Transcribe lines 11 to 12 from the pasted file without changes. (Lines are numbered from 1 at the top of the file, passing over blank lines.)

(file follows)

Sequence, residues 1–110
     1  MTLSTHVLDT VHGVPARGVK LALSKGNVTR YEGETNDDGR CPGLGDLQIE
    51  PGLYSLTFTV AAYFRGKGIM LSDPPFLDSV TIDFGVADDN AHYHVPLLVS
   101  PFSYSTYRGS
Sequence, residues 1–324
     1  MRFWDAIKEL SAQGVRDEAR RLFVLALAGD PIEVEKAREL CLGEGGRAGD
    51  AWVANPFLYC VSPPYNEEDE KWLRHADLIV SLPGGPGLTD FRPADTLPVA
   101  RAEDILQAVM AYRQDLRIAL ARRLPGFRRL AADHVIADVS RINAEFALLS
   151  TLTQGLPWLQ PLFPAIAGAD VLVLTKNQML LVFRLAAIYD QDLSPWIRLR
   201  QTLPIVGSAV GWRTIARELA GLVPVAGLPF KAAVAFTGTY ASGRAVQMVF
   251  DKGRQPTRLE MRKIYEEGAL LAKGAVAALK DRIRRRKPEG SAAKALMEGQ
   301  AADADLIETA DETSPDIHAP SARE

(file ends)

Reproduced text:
   251  DKGRQPTRLE MRKIYEEGAL LAKGAVAALK DRIRRRKPEG SAAKALMEGQ
   301  AADADLIETA DETSPDIHAP SARE